The history of rock ‘n’ roll is full of artists that never got the recognition they deserve. One such band is Fanny, the first all-female rock band to release an album on a major label. Led by Filipina-American sisters June and Jean Millington, the band proved that rock wasn’t just for white boys. Despite respect from big names like David Bowie and paving the way for bands like the Runaways, Fanny recorded just four albums together and had a minor hit single with “Charity Ball” before they broke up in 1975 and faded into obscurity.
The Millington sisters were born in the Philippines in the late-1940s and moved to California in 1961. They had trouble fitting in as biracial kids but gained acceptance from their peers when they started writing their own music. After high school, the sisters started a number of different bands, but didn’t have any success fitting into the male-dominated world of rock until 1969 when, with the band Wild Honey, they caught the attention of record producer Richard Perry’s secretary the night before the band was going to break up. The band—June on guitar, Jean on bass, and Alice de Buhr on drums—signed to Reprise Records, changed their name to Fanny, and added Nickey Barclay on keyboard before recording their first album.
June told Loudersound.com in 2015 that fellow guitarists Lowell George and Jeff “Skunk” Baxter considered her an equal. Between June’s killer guitar licks, Jean and de Buhr’s tight rhythm section, Barclay’s bluesy piano, and all four women’s blended vocals, Fanny rocked just as hard as any other band. Their first two albums—their 1970 self-titled debut and 1971’s Charity Ball—are their best; the former includes a cover of Cream’s “Badge” while the latter’s title track was their only Top 40 hit. 1972’s Fanny Hill was recorded in Abbey Road studios with engineer Geoff Emerick, and has a Beatles feel to it (the album includes a cover of “Hey Bulldog”). Their fourth album Mother’s Pride—produced by Todd Rundgren—is a bit messy: de Buhr was drunk while singing lead on “Solid Gold,” and the opening track “Last Night I Had a Dream” sounds like a bad acid trip. It’s obvious that Fanny was getting tired at this point. In fact, June left the band shortly after Mother’s Pride was released.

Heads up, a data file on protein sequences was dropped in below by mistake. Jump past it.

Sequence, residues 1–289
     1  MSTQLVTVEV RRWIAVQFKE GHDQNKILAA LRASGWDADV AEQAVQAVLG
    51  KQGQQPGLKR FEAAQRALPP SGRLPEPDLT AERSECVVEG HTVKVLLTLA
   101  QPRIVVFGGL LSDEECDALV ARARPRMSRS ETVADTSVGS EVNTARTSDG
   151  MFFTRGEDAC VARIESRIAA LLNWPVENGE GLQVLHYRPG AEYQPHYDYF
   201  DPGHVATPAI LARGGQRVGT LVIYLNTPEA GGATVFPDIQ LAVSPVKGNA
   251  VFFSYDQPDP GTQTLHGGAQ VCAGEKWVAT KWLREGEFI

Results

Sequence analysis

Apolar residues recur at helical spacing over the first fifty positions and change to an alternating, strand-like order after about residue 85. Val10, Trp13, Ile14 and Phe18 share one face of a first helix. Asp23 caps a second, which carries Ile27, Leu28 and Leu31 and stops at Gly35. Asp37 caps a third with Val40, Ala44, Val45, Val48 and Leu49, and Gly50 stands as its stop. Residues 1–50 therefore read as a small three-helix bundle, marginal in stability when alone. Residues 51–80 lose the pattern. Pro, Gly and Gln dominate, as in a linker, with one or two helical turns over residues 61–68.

“We realized we weren’t getting a hit and we were so tired,” June told She Shreds magazine last year. Despite breaking into the Top 40, “Charity Ball” only reached #40, and their album Fanny Hill, which came in at #135, was their highest charting album. Besides a lack of commercial success, June broke up with her girlfriend at the time (Jean was the only straight member of the band; both June and de Buhr are gay, and Barclay is bisexual), so it was all too much for her. “And you’ve got to remember, we were in our early twenties,” June said. “We were babies. So handling that and all of the pressure when we were so tired was, for me, too much.”
Patti Quatro—sister of Suzi Quatro of “Can the Can” fame—took over on guitar while June sought spiritual fulfillment through Buddhism. The rest of Fanny broke up in 1975. Since then, the Millington sisters have recorded a few albums together, including one as Fanny Walked the Earth in 2018 with Brie Howard-Darling, who played with the sisters in a pre-Fanny band called the Svelts. Jean had a stroke in 2018, but is recovering and has the financial support of fans thanks to GoFundMe. June and her longtime partner Ann F. Hackler also started the Institute for the Musical Arts (IMA) in 1986 to empower girls in music, and every year they throw a Rock 'n’ Roll Girls Camp. Meanwhile, all memories of Fanny faded from the public’s consciousness, with not even a single mention on one of VH1’s countless nostalgia trip shows.
A year ago, a clip of Fanny performing Marvin Gaye’s “Ain't That Peculiar” on the Beat Club went up on YouTube and gained over a million views. Viewers both young and old commented that it was the first time they’d heard of the band. The buzz around the video caught the Millington sisters’ attention, and June left a comment thanking everyone for their love. “We’ve been talking about your discovery (in some cases, re-discovery) of Fanny,” she wrote, “and Jean is wide-eyed in surprise and kind of a bemusement. ‘You mean, we might still become famous??’ she says. I’m like, ‘Jean, I think we ARE famous!’” After years of struggling to make it big, maybe they’re finally getting the recognition they deserve.